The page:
Drag has gone digital in the age of quarantine

Here's how you can help it adapt.

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(Tahlia Amanson)

By Jake Cohen

As of today, March 31, I have been practicing social distancing from the comfort of my own home for over two and a half weeks. Each morning since the news of my school’s closure, as well as the shutdown of my parents’ places of work, it’s gotten exceedingly difficult to not fall into a pit of panicked headline reading and worrying about statistical analysis.

But while it’s gotten hard to avoid scrolling past the latest apocalyptic headline from the White House or grim sound bite from the CDC, one byproduct of this outbreak is an impact on the lives of many queer people when it comes to the way America’s drag economy has gone digital, and how young people, for the first time in their lives, are able to experience a live drag performance. 

In recent weeks, drag queens have been forced to get creative and digital with how they make their livings, following increasingly restrictive and absolutely necessary social distancing guidelines around the world. 

Since the 2009 premiere of RuPaul’s Drag Race, a reality-competition show where drag queens compete for $100,000 and the title of “America’s Next Drag Superstar,” certain aspects of drag culture have been thrust into the mainstream. Because of this, over 100 queens from the show have garnered almost instant international fame and social media followings, particularly among queer audiences. 

Queens from Drag Race, as well as local entertainers with smaller platforms, all rely heavily on making an income through performances at bars, clubs, or local tours, which pay them through some combination of booking fees, and audience tips. But in recent weeks, the COVID-19 outbreak sweeping the world has forced drag entertainers of all categories to adapt. Since then, either independently or through management agencies like Voss Events, an agency managing prominent drag entertainers, have had to cancel their shows across the globe while still ensuring that queens, dancers, producers, interns, and anyone else involved are still able to make an income. The solution? Bringing drag to the masses through the power of the internet.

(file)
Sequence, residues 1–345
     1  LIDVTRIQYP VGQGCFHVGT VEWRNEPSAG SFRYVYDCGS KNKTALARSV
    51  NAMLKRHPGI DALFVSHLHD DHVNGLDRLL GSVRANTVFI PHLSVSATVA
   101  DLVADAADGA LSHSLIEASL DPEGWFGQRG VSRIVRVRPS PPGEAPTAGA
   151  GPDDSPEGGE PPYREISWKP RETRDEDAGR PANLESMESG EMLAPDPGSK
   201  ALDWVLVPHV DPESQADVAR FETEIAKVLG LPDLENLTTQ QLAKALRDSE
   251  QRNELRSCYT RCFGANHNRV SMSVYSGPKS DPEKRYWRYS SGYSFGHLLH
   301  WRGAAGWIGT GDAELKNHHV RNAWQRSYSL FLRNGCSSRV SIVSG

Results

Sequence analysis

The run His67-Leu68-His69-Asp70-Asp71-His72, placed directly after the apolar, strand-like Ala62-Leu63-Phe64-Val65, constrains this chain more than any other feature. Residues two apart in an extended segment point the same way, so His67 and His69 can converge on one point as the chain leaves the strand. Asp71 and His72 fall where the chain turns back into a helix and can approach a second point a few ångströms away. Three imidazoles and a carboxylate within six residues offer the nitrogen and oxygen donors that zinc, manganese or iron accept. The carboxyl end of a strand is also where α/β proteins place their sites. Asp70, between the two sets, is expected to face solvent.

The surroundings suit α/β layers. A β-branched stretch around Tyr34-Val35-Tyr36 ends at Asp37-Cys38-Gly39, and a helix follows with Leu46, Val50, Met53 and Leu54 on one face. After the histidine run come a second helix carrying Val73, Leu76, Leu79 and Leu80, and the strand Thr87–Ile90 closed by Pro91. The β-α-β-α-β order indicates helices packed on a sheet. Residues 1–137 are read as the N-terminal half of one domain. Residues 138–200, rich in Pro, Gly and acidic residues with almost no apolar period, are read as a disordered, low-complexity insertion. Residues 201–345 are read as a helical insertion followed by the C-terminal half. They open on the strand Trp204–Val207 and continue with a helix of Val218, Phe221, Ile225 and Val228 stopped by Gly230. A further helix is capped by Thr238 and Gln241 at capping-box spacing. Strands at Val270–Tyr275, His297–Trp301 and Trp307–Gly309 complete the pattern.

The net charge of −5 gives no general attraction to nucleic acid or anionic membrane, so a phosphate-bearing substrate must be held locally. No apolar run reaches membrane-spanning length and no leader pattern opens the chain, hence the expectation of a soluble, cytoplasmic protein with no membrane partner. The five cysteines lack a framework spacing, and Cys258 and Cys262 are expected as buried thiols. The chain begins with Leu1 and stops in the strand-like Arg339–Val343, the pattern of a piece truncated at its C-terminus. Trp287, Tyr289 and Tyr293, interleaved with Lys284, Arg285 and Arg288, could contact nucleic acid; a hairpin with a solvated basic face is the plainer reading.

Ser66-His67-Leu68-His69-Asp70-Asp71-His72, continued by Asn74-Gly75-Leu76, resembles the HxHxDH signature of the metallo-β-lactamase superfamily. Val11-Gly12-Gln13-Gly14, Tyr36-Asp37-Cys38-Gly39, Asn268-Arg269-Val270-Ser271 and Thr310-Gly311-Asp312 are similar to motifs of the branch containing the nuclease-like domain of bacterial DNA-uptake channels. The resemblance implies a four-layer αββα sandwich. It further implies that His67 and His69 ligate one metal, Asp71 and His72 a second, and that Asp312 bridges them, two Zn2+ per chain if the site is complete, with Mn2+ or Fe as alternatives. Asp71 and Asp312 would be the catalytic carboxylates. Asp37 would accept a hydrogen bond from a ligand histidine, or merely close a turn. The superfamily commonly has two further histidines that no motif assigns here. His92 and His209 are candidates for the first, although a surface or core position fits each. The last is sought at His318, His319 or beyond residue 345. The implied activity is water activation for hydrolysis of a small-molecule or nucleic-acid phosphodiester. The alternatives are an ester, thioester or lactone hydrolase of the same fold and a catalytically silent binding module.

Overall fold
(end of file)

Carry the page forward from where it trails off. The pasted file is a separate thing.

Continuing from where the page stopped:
When tuning into any of the seemingly thousands of scheduled livestream events that drag performers have been advertising across social media, one can’t help but notice the almost campy adjustments any given queen has quickly made for their act. While it takes a second to adjust to seeing performers who regularly take the spotlight in a crowded club or music hall perform from their living rooms, the new format brings with it a new sense of intimacy as well, particularly for young queer viewers who may not have had access before.

Online performances aren’t the only change to the drag community that’s come from the guidelines surrounding the COVID-19 outbreak. For young people like me — not yet old enough to go see most drag shows outside of the Castro Theatre, at pride parades, or from our TV screens — this is a rare opportunity to be exposed to the drag that exists outside of what is accessible to us in the mainstream. And especially for fans of drag, or Drag Race particularly, who aren’t members of the queer community, these digital shows give you no excuse to skip out on these shows. Queer drag performers deserve your support 365 days of the year, but especially now in this time of crisis. In other words, there is no reason not to show up as an ally for the queer people struggling right now just because you can’t leave your house; this is an opportunity to demonstrate support.